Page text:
In my last post I mentioned that Samantha was not doing well and we had a pulm appointment for the next day due to a change in breathing patterns. The pulm appointment came and went and a sleep study was recommended and scheduled for Sunday night. The pulm noted that Sam's lungs were clear and her o2 levels were fine. That was Wednesday. By Friday I was growing increasingly concerned about Sam. She hadn't walked since Sunday. She was lethargic. Her breathing continued to be labored. And, she was having episodes of "zoning out". I called both her metabolic doctor and neuro on Friday morning. They both called and discussed my growing concerns and felt that an admission was necessary to get things sorted out. In addition, her metabolic doctor felt that the PICU would be a better place to observe Samantha due to her rapid changes. On Friday night we finally got a PICU bed. The next few days were spent bothering Samantha with various tests such as an EEG, a sleep study, blood draws and a bipap trial. Sam also earned herself an NG tube for feeding when she choked in front of the speech therapist.
The 24 hour EEG did not show seizure activity. The sleep study on Sunday night showed central apnea but they did not feel it was severe enough to warrant bipap at that time. Sam's lungs continued to be clear. Val and I were happy that there were no seizures and breathing support was not necessary. However, we were growing increasingly concerned about how Samantha was acting. She was not herself, and was getting worse. We weren't sure if it was the environment she was in, or if there were something else going on. On Tuesday morning Sam woke up sweating profusely and her heart rate had been climbing up into the 150s. Her blood pressure was 168 over something (sorry I forget the exact number, but it was HIGH). Labs showed that her sodium level had dropped to 117, and the decision was made to place a line so that they could continue to monitor sodium while infusing large amounts of sodium into Sam. The team attempted to place a line into her groin area but was unsuccessful. They came out of the room and explained they would have to intubate Samantha in order to place a line in her neck.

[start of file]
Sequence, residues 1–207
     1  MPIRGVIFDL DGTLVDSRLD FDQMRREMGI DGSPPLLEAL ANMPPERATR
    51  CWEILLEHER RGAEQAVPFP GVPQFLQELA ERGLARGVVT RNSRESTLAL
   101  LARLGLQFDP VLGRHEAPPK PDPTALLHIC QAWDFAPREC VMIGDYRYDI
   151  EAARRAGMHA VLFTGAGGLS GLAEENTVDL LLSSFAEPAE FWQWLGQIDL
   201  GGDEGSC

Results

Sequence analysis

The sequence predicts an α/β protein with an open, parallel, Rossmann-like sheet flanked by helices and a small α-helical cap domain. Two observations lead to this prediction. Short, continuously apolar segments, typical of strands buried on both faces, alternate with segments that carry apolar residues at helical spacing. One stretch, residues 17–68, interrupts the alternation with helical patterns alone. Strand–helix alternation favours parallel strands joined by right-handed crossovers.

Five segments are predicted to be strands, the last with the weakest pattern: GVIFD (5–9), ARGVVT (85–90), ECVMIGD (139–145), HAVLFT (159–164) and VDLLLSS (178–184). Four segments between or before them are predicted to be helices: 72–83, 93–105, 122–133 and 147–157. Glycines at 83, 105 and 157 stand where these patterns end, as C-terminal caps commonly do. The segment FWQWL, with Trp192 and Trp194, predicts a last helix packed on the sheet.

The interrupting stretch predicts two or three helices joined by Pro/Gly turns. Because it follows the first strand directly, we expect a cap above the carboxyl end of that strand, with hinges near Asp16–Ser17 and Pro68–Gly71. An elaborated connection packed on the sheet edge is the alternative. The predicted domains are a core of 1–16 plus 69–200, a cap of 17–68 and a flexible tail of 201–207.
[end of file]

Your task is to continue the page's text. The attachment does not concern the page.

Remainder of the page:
Despite her sodium levels going up, Samantha continued to struggle after Tuesday. Her blood pressure was controlled with medication, but her heart rate was slowly climbing. She was refusing sleep. She was not herself and was not very interactive. Sam seemed miserable and out of it and we were not sure what was going on. By Thursday night her o2 level was dropping despite her lungs still being clear. She was still fighting sleep but her sats were going up with the o2. First they used one liter, then two. By Friday morning she needed bipap and the team had a discussion with us about what we wanted to do if she were to go into respiratory failure. We let them know we wanted them to insert a breathing tube if necessary to save her. For a few hours she seemed to do ok on bipap. But all of the sudden, her o2 sats dropped dramatically (the lowest I saw was 12) and the team went into action to intubate her as she went into respiratory failure. The intubation was successful and finally Sam was able to get some rest on Friday after not sleeping for days.
On Saturday Sam finally woke up from the sedation while still intubated and it was the first time I saw "Sam" in days. She seemed to be herself despite being slightly sedated and unable to talk. We had as good a weekend as you can have while intubated. She was communicating by waving/raising her hand when she wanted something. It was very nice to have Sam back with us, even though she was breathing through a tube. I was very happy to know that her previous change in cognitive status was a result of her exhaustion earlier in the week.
Val and I have noticed as the vent settings are lower, Sam seems to be losing strength/interest again. But for now the goal is to try to remove the tube and see how she does. Her numbers on the vent are good enough to remove the Breathing tube, but the team is waiting to see when her g-tube surgery (we feel a g-tube will be great for Sam going forward as it will allow her to get nutrition/supplements when needed and help with her energy/weight issues) will happen before they make a decision to remove it. If the surgery will be tomorrow, the tube will stay in today.
Needless to say that when we entered the PICU on Friday we did not suspect Sam would be going into respiratory failure the following Friday. We are very grateful to the PICU team at for saving our little girl.
Throughout this stay, our friends and family have been amazing and wonderful. Both Val and I have large families, and I suspect that Sam has had more visitors than anyone else in the PICU. Our laundry is getting done. Food is being delivered. We know that if there is anything we need, a simple phone call will have it to the hospital within hours. In addition to family, many, many friends have offered support in a variety of ways. It has been nothing short of incredible and Val and I are so very grateful.
So, thank you to everyone.
At this time things with Samantha continue to be uncertain. We suspect her breathing issues are a result of disease progression, but we are not certain if it is something she will bounce back from or if she will need ongoing respiratory support. Val and I will utilize any and all medical interventions to get Samantha stable and home as we feel cognitively she is still very much with us. We suspect we will be in the PICU and the hospital for a while longer. But, obviously we hope our stay is as short as it can be.
I will update more when I can. Thank you again to everyone who has offered assistance, calls, notes, texts, emails, thoughts, kind words, and prayers.
Until next time,